Reports reveal racial and ethnic disparities in lupus rates

September 11, 2017

Two new papers reveal striking racial and ethnic disparities in the incidence and prevalence of lupus, a systemic autoimmune disease that can affect virtually any organ system. The reports, which are published in Arthritis & Rheumatology, provide the latest information from lupus registries in California and New York.

In the reports from the California Lupus Surveillance Project and the Manhattan Lupus Surveillance Program, investigators estimated the frequency of lupus in a combined 2.4 million residents living in San Francisco and Manhattan. They found a similar overall age-adjusted annual incidence of lupus of 4.6 per 100,000. The age-adjusted prevalence was slightly greater in California than Manhattan (84.8 versus 62.2 per 100,000).

Women experienced higher rates of lupus than men, and the prevalence of lupus in both Hispanics and Asians was greater than that seen in Whites, but not as frequent as Blacks. The age-standardized prevalences in per 100,000 for the California and Manhattan registries, respectively, were 458.1 and 210.9 for Black women, 177.9 and 138.3 for Hispanic women, 149.7 and 91.2 for Asian women, and 109.8 and 64.3 for White women.

"There is a paucity of population-based studies of incidence and prevalence of lupus among Asians and Hispanics in the United States," said University of California, San Francisco's Maria Dall'Era, MD, lead author of the California report. "These registries were able to address this deficiency and provide contemporary epidemiological estimates."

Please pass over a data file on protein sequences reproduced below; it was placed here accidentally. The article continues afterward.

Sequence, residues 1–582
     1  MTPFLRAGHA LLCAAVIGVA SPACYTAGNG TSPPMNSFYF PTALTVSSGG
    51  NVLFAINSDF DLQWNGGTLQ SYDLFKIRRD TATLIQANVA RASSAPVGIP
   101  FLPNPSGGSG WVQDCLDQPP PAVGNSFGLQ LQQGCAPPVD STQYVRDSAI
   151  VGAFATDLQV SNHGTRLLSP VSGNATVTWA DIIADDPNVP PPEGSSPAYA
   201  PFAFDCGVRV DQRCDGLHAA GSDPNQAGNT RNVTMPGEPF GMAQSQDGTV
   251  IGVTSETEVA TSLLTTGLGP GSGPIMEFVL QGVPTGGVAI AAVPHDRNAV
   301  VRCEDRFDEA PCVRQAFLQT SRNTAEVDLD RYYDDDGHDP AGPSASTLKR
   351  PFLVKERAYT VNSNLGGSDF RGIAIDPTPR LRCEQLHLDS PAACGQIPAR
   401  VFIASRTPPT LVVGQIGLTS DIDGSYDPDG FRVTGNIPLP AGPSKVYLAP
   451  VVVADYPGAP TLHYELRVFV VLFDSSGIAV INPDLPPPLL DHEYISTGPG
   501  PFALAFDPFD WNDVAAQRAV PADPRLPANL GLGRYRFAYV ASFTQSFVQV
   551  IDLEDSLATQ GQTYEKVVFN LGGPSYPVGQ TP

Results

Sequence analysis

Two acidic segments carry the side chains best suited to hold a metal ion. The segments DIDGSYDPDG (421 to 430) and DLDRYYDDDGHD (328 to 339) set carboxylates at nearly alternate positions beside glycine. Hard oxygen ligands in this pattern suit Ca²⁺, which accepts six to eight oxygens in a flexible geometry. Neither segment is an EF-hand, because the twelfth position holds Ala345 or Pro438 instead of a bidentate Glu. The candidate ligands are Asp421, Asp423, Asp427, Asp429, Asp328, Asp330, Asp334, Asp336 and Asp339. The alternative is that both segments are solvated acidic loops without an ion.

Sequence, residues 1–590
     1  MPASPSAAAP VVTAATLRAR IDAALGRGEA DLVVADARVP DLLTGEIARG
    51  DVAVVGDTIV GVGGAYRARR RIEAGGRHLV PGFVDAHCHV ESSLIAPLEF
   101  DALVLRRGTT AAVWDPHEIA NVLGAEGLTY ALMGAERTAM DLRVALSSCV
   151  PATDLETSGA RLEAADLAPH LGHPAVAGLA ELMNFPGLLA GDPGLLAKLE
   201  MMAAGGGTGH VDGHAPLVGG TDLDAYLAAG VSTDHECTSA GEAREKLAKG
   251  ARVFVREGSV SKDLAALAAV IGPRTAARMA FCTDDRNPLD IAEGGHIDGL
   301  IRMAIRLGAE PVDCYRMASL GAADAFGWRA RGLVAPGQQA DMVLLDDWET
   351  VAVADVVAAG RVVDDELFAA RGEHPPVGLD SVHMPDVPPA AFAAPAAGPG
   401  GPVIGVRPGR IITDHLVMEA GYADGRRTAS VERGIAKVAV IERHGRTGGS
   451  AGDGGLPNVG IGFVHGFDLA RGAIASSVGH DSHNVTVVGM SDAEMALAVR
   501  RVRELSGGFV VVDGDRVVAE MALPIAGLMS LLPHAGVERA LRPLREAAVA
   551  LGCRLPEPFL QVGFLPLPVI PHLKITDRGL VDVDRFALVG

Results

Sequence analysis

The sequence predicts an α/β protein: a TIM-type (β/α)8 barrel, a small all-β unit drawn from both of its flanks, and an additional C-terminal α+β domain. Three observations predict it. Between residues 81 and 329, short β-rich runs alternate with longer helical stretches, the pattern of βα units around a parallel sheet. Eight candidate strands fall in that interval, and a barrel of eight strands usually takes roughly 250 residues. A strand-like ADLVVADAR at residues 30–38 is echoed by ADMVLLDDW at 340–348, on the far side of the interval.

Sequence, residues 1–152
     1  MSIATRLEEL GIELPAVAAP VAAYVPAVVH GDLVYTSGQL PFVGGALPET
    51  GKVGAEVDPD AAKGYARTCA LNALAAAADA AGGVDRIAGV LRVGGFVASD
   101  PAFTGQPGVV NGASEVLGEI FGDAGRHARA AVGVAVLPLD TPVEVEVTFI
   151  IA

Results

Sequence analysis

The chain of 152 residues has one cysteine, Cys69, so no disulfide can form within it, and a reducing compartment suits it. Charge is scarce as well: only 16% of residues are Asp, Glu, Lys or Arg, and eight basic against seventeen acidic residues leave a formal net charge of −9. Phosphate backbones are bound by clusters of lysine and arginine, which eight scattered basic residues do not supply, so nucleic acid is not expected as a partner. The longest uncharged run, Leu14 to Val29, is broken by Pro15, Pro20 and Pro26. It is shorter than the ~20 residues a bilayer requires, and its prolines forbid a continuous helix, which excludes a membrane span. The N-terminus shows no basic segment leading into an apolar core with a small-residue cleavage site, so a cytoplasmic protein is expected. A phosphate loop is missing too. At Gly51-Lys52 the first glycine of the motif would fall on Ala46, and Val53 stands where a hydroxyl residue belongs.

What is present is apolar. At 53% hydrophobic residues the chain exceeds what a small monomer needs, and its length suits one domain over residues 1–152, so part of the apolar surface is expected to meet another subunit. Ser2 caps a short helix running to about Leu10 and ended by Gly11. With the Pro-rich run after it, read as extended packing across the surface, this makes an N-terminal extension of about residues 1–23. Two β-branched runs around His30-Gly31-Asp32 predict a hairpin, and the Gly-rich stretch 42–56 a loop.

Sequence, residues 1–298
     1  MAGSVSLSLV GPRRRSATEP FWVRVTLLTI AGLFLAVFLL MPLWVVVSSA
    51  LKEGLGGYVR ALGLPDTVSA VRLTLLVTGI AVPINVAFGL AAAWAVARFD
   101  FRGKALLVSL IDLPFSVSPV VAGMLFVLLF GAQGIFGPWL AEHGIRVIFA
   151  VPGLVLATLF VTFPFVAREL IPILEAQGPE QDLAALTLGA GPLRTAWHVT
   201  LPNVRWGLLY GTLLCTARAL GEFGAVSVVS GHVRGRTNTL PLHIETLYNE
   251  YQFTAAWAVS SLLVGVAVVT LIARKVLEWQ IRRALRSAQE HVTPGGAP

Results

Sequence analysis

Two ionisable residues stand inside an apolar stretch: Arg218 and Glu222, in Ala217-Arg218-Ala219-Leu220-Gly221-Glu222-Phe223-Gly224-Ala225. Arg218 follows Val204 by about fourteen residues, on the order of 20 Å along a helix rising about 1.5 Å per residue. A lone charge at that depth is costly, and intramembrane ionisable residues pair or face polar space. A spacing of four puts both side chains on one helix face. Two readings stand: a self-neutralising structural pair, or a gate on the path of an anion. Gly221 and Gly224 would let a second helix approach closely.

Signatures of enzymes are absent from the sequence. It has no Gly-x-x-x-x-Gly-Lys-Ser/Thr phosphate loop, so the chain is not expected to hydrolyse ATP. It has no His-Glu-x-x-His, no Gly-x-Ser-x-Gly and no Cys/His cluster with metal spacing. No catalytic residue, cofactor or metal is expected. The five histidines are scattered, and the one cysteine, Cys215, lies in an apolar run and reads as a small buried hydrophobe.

The findings indicate that doctors should be vigilant in looking for lupus in not only Black patients, but also in Asians and Hispanics. "Physicians should consider the diagnosis especially when patients come in with symptoms that could be consistent with lupus such as arthritis, rashes, and signs of kidney disease," said NYU School of Medicine's Peter Izmirly, MD, lead author of the Manhattan report. "Hopefully this can lead to earlier diagnosis of the disease and better care."

Additional studies are needed to determine the contributions of genetic and biological factors in addition to social and environmental factors that might play a role in racial and ethnic variation in the risk of lupus. "With this information, we will better understand how to diagnose and treat in affected populations with the ultimate goal of disease prevention," said Dr. Dall'Era.

Explore further: New study reveals hidden burden of Lupus among Hispanic and Asian women in Manhattan

More information: Maria Dall'Era et al, The Incidence and Prevalence of Systemic Lupus Erythematosus in San Francisco County, California: The California Lupus Surveillance Project, Arthritis & Rheumatology (2017). DOI: 10.1002/art.40191

Related Stories

New study reveals hidden burden of Lupus among Hispanic and Asian women in Manhattan

September 11, 2017
Within Manhattan's diverse population, the chronic and often debilitating autoimmune disease lupus affects Hispanic and Asian women more frequently than white women, according to a new study led by investigators at NYU School ...

Lower mortality rates among Asian and Hispanic lupus patients

January 15, 2015